“Central” Intraarterial Thrombolysis Using a Newly Developed Low Friction Guidewire/Catheter System

  • K. Goto
  • N. Ogata


Fibrinolytic therapy for cerebral embolism was initially accomplished by intravenous administration of urokinase and streptokinase. Although this was technically easy, results were far from satisfactory; no significant change was seen in treated patients compared with the control group, and mortality rate was high among the treated group [1]. Therefore, this method was abandoned. In recent years, clinical trials in treating patients with cerebral embolism by intravenous administration of a new fibrinolytic agent recom­binant tissue plasminogen activator (rt-PA), which has a strong affinity to fibrin in the embolus, have been done. This was said to be effective compared to the control group, but the reported recanalization rate, which was 30%–50%, was not yet satisfactory [2,3]. Furthermore, this seems to be more effective for small emboli lodging in the cortical branches than large emboli lodging in the more proximal arteries.


Cerebral Artery Fibrinolytic Therapy Cerebral Embolism Fibrinolytic Agent Intraarterial Thrombolysis 
These keywords were added by machine and not by the authors. This process is experimental and the keywords may be updated as the learning algorithm improves.


Unable to display preview. Download preview PDF.

Unable to display preview. Download preview PDF.


  1. 1.
    Fletcher AP, Alkaersig N, Lewis M, Tulevski V, Davis A, Brooks JE, Hardin WB, Landau WM, Raichle ME (1976) A pilot study of urokinase therapy in cerebral infarction. Stroke 7: 135–142PubMedCrossRefGoogle Scholar
  2. 2.
    Mori E, Yoneda Y, Tabuchi M, Yoshida T, Ohkawa S, Ohsumi Y, Kitano K, Tsutsumi A, Yamadori A (1992) Intravenous recombinant tissue plasminogen activator in acute carotid artery territory stroke. Neurology 42: 976–982PubMedGoogle Scholar
  3. 3.
    rt-PA Acute Stroke Study Group (1991) An open safety/efficacy trial of rt-PA in acute thromboembolic stroke; final report (abstr). Stroke 22: 153Google Scholar
  4. 4.
    Mori E, Tabuchi M, Yoshida T, Yamadori A (1988) Intracarotid urokinase with thromboembolic occlusion of the middle cerebral artery. Stroke 19: 802–812PubMedCrossRefGoogle Scholar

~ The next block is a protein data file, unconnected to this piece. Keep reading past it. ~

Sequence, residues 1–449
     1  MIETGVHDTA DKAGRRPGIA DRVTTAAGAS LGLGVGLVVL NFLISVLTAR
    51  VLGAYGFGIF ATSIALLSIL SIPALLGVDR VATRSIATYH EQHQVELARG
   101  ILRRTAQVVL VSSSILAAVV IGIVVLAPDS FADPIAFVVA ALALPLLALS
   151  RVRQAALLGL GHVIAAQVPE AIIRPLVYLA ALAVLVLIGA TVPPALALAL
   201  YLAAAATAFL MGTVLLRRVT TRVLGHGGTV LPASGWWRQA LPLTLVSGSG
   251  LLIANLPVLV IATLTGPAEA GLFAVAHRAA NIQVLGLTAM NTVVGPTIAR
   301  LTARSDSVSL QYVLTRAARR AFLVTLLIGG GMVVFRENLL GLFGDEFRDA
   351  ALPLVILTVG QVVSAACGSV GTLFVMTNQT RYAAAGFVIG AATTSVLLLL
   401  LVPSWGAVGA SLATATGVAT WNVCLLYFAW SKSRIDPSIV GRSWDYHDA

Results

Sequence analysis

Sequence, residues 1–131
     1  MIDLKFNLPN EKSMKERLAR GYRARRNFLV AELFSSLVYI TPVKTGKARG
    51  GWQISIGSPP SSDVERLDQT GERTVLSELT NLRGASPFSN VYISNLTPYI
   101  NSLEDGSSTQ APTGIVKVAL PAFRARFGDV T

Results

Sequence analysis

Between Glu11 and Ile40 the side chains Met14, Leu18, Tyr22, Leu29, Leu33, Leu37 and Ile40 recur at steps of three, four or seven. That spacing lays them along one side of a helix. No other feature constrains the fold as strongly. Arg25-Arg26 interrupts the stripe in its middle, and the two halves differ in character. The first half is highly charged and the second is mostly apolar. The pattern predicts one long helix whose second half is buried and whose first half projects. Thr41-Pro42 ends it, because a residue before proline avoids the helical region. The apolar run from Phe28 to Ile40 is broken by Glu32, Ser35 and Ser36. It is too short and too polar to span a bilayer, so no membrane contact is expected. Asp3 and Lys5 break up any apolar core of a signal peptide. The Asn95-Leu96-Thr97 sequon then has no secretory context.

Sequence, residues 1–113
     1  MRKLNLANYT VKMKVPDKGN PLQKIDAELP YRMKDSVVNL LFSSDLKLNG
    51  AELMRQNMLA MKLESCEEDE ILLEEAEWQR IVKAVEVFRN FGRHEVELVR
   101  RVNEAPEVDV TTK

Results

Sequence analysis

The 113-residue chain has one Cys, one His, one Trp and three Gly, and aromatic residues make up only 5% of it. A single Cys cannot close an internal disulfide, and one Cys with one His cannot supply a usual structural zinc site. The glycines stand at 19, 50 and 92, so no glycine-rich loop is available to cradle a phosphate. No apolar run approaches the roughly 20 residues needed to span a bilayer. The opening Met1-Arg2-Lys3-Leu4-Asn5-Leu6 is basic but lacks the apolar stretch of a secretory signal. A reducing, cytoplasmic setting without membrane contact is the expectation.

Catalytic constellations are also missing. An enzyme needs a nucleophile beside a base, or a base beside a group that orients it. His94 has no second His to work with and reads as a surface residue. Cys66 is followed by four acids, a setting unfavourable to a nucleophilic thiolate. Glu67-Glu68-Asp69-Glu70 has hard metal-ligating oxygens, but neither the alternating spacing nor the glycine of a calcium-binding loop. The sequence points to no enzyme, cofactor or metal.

5. 5.
    Yabumoto M, Ryujin K, Imae S, Yoshida N, Yukawa S, Kamei I, Iwamoto M, Kuriyama T (1991) Intraarterial injection of low molecular weight dextran and urokinase for acute cerebral infarction. Neurol Surg (Tokyo) 19: 723–728Google Scholar
  6. 6.
    del Zoppo GJ, Ferbert A, Otis S, Bruckmann H, Hacke W, Zyroff J, Harker LA, Zeumer H (1988) Local intra-arterial fibrinolytic therapy in acute carotid territory stroke; a pilot study. Stroke 19: 307–313PubMedCrossRefGoogle Scholar
  7. 7.
    Sugawara Y, Ueda T, Mogami H, Tanada S, Hamamoto K (1992) Intraarterial urokinase infusion therapy with superselective catheterization for acute occlusive cerebrovascular disease. Nippon Act Radiol 52: 1083–1091Google Scholar
  8. 8.
    Goto K (1991) Low-friction high-torque guidewire: a new way for superselective catheterization. Neuroradiology 33 (suppl): 636–637Google Scholar
  9. 9.
    Goto K, Ogata N (1994) Interventional neuroradiological procedures using newly developed minimal friction guide wire/catheter system. Video J Jpn Neurosurg 2: 1Google Scholar
  10. 10.
    Zeumer H, Freitag H-J, Knospe V (1992) Intravascular thrombolysis in central nervous system cerebrovascular disease. Neuroimaging Clin North Am 2: 359–368Google Scholar
  11. 11.
    Mitsuyama Y, Thompson LR, Hayashi T (1979) Autopsy study of cerebrovascular disease in Japanese men who lived in Hiroshima, Japan, and Honolulu, Hawaii. Stroke 10: 389–395Google Scholar

Copyright information

© Springer-Verlag Tokyo 1995

Authors and Affiliations

  • K. Goto
    • 1
  • N. Ogata
    • 1
  1. 1.Interventional NeuroradiologyIizuka HospitalIizuka, 820Japan

Personalised recommendations